I’ve been hoping that someone was working on using the iPhone browser as a media controller and when I saw Signal, I decided to give it a try.
It works like this: you install the app and it runs an internal webserver that you connect to using safari on the iPhone. Whatever is running in iTunes on your computer shows up on the phone exactly as if it was in the iPod mode (with album art, controls, etc). So if you have an airport express hooked up to a stereo, you point your iTunes at the speakers and start playing some music, then walk away from your computer.
Once you pull up Signal in your phone, you can control your entire iTunes library remotely. You can pick playlists, set them to shuffle, change to specific songs, try different genres, even pull up podcasts and video. The interface on the iPhone is really what sells it — it looks and functions exactly like a real iPhone app, but it’s all in safari. It’s really quite amazing and turns the phone into a whole house audio remote for me.
The other night, I got a coupon over email for a product I’ve been meaning to buy (direct from the company). I took advantage of the offer and picked out a completely customized product ready to ship, entered the coupon code but the discount didn’t work. It was midnight on a Sunday, and there was no chance I was getting any customer support. I still really wanted the item, so I went looking online for similar coupons (maybe mine expired?). I searched Google for [$Company_Name coupon code].
What I found was a bunch of horrible results thanks to the search engine gaming (SEO) industry. The first result was unhelpful, hard to read, and basically tried to get me to sign up for various discount services (not really coupons at all) before they would show me anything, while the remaining results on the top 10 page were simply affiliates of the first page, basically shell sites trying to get you to the first site to sign up for discounts (even less like coupons). I didn’t continue paging through worthless results.
Then I remembered the BugMeNot people did a coupon site last year, so I went to bugmenot to find it and found RetailMeNot. The experience was night and day. A quick search for the product I was buying turned up half a dozen coupons including the one I was trying. It also lets you quickly vote on which ones worked and didn’t work, and reported how successful each coupon was (they sorted by success rate, so the best stuff was at the top). Thanks to the site, I got to help others and report that my coupon code didn’t work and I tried a similar one that did end up working. The RetailMeNot site is also easy to read and navigate, letting you get in and right out as quickly as possible. The other “coupon code” sites seemed more interested in acting like quicksand and trapping you into their site.
I have less and less time for things and a lower tolerance for hassles as I get older and I have to say both bugmenot and retailmenot offer handy ways to save a little time and money. I don’t know how either site makes any money, or if that’s even a goal, but I do hope they stick around and keep doing what they’re doing.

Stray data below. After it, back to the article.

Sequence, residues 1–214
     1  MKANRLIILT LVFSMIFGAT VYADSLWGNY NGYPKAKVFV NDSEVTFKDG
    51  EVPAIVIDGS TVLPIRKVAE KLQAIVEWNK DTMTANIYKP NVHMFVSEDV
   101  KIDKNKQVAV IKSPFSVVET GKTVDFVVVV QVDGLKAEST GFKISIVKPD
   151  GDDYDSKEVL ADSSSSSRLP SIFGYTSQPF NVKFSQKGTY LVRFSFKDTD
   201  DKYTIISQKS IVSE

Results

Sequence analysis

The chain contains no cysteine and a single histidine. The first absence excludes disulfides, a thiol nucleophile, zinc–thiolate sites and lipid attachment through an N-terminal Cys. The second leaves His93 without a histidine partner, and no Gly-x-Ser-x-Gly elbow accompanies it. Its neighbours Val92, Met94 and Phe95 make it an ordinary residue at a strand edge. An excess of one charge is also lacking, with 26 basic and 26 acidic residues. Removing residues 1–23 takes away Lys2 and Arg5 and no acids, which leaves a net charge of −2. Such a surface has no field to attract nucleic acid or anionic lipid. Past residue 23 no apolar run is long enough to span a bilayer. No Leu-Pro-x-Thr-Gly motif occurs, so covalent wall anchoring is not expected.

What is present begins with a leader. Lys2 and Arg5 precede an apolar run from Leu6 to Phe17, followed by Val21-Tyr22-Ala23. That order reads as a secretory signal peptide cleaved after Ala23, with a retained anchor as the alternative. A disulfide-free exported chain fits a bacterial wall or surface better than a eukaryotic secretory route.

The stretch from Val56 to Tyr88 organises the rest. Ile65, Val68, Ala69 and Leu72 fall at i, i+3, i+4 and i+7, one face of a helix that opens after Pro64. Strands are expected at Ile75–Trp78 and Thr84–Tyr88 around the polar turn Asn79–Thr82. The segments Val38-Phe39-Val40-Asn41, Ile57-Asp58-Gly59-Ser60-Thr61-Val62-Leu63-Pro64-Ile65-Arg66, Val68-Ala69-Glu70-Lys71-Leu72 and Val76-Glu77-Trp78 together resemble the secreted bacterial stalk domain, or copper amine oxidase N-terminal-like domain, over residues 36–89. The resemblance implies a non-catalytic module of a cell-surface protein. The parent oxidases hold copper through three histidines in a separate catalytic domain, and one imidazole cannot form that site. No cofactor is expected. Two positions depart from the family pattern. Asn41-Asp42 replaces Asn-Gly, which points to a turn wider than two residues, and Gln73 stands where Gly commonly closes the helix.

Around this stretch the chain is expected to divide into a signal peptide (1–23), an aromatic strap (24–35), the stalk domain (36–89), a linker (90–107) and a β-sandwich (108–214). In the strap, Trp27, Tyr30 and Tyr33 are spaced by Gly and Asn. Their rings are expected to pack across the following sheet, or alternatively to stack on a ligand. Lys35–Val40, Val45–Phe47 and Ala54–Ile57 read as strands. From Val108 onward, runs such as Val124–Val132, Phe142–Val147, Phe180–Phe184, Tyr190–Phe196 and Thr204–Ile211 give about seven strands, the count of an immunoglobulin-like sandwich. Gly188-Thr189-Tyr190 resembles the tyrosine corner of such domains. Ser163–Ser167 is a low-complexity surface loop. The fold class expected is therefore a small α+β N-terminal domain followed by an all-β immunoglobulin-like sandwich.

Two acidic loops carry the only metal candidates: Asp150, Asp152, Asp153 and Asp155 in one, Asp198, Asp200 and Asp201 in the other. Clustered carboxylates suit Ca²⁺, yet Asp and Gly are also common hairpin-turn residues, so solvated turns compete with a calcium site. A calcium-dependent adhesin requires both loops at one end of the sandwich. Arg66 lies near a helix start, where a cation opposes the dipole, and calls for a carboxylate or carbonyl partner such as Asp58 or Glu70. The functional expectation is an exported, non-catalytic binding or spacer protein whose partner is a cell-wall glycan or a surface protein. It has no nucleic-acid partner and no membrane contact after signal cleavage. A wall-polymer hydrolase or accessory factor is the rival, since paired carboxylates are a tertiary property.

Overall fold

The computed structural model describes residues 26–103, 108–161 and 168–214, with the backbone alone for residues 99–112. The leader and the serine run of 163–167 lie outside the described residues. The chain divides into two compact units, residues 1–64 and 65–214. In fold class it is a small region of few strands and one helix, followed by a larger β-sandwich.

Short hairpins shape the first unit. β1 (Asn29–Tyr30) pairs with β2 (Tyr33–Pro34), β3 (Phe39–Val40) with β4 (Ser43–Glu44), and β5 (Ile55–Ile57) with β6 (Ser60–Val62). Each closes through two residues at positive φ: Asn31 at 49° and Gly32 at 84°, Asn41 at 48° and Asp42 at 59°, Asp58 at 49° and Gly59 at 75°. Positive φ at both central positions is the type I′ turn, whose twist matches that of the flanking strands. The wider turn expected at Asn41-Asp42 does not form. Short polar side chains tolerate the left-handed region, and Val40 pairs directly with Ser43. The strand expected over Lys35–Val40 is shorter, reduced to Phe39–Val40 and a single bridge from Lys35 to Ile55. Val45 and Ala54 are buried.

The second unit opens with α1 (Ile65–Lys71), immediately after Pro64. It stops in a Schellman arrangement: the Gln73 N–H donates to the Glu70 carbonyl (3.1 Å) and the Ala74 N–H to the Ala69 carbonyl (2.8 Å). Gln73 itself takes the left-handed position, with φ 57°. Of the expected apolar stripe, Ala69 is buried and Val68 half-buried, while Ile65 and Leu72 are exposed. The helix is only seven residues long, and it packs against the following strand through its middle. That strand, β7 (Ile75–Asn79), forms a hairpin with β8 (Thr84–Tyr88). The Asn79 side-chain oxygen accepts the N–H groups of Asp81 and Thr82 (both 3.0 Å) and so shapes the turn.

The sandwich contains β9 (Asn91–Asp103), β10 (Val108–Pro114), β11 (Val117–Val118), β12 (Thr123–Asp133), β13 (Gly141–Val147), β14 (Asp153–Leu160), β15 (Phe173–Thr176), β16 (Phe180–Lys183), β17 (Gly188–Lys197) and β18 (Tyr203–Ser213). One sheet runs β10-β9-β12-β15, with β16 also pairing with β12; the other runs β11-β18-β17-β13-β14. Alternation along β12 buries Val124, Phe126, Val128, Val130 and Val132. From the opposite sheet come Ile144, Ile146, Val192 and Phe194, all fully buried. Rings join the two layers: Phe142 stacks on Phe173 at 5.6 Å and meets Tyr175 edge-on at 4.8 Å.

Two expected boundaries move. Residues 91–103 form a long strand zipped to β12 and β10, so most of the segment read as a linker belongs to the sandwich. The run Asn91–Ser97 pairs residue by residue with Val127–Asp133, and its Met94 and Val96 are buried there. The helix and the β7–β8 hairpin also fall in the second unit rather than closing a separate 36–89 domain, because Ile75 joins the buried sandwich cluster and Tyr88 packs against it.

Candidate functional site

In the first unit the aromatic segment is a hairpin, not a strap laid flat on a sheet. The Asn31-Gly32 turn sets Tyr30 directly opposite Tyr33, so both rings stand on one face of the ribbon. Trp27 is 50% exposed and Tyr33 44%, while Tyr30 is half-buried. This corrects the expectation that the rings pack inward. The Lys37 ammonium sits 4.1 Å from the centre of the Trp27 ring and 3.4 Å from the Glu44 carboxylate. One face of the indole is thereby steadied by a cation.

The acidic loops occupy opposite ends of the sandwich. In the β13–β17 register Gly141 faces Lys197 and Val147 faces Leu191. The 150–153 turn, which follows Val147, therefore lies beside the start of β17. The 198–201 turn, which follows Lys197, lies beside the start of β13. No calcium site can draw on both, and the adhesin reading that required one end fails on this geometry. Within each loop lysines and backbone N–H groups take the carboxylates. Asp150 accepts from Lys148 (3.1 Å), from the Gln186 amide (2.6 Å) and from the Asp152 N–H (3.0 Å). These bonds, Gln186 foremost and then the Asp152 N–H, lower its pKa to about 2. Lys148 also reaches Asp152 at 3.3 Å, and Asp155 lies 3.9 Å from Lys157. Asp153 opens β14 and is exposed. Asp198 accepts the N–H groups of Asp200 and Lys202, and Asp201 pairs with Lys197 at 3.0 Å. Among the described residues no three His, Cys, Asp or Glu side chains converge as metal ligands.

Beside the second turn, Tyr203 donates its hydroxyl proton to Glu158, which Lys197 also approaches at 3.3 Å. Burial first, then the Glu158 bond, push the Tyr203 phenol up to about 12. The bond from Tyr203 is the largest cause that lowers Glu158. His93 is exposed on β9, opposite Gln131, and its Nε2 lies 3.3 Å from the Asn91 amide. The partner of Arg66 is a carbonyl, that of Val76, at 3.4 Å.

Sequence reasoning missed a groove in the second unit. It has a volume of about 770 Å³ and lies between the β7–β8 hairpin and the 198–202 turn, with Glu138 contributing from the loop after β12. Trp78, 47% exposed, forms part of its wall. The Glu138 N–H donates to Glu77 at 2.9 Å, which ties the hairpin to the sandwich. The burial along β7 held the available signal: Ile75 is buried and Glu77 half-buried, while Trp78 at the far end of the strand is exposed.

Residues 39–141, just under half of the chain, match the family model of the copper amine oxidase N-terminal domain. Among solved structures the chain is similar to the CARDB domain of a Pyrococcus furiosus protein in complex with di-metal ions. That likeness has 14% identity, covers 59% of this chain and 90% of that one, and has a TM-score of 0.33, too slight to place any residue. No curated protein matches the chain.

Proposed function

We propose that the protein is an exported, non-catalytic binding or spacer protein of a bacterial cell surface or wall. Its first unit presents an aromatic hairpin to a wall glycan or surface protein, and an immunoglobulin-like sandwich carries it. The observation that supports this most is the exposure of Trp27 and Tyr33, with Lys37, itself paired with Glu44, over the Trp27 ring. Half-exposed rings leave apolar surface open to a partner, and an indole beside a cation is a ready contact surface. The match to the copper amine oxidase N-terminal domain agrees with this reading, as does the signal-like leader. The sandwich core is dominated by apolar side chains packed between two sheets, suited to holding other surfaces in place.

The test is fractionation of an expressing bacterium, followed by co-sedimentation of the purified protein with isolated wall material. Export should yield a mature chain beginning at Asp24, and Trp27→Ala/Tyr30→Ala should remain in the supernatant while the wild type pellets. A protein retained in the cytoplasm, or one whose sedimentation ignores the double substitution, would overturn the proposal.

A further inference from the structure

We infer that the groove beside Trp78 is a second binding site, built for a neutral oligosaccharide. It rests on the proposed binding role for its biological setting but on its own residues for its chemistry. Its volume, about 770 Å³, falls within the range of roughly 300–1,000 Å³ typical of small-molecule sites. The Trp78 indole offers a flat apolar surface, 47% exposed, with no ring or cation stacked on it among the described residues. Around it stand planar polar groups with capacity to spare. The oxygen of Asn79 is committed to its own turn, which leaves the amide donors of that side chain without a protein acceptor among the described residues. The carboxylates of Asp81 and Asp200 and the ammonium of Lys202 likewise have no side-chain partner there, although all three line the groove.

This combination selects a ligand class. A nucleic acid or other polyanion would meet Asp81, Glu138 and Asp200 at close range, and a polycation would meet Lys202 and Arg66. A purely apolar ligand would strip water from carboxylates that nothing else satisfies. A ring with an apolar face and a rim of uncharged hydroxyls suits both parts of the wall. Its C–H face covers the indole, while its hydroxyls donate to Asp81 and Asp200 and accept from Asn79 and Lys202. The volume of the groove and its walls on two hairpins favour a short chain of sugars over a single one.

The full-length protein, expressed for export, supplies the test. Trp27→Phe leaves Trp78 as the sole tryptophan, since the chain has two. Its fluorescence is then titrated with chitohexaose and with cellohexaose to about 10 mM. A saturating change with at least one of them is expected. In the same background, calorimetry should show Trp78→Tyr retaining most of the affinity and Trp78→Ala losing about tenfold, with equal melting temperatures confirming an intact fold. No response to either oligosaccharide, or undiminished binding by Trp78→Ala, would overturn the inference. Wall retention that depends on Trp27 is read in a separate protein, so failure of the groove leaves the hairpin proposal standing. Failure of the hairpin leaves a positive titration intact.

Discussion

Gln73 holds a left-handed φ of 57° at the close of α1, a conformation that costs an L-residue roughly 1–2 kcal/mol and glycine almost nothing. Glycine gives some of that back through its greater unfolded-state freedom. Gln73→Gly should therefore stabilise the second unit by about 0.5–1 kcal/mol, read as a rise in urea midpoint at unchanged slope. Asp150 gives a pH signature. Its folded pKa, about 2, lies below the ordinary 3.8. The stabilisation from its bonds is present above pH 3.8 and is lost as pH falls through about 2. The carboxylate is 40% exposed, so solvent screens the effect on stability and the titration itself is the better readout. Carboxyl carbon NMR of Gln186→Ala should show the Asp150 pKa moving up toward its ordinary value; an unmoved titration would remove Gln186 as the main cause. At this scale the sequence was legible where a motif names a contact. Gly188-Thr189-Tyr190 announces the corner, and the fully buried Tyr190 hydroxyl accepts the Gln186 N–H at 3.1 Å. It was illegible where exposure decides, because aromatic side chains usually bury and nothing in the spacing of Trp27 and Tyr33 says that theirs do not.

Satisfaction has launched (more on their blog). Disclaimer: officially I’m a “member” of their “advisory board” (airquotes because it sounds more important than it seems — unofficially, I talked to Lane every so often over the past few months and they patterned some design/interaction decisions similar to the ways I run MetaFilter and Ask MetaFilter).
I’m happy to see the site going public, I think they’ve got some great ideas and a great design, and it’ll be interesting to watch them grow. At the moment, they’re a great way to get tech support help from regular folks instead of the large companies that typically have bad tech support and I’m sure a lot of smaller companies might just use them for all their support needs (why reinvent the trouble ticket wheel for the 1000th time?). If enough small companies get on board, it’ll be interesting to see how larger corporations interact with the service. I think the challenge out of the gate will be to keep things helpful and on a positive note, without descending completely into a consumer rant/spew/rage kind of thing that sites like Consumerist sometimes veer into.
Check it out — there’s not much there now but I think it’ll turn into something really useful and novel in a short period of time.
The other day this thought popped into my head and since several people asked, I wanted to expound on my original point.
First off, let me just say I’m a casual gamer — for the past seven years I’ve usually owned one console game system and I play it about once a week for a couple hours. I might get obsessed about a new game and play everyday for a week, but on average, maybe once a week. I mostly like “organic” sports sims, games where no two plays are alike (tony hawk’s skate games are my favorite). I also bought the PS3 for the blu-ray DVD player and it works ok for that (more below), but for gaming, I wish I bought a xbox360 instead.
Here is a list of why I think the PS3 I’ve owned for almost a year sucks:
- While blu-ray movies look great on my 46″ 1080p Sony LCD TV, after about 30 minutes of any movie playback, the unit’s fan goes to 11 and it sounds like a hair dryer was left on in my media rack. Keep in mind I have a fully vented system with plenty of air circulation and space around the unit. I could understand if the PS3 got hot when it had to render a billion polygons per nanosecond, but does 30 minutes of Meryl Streep really tax a modern system?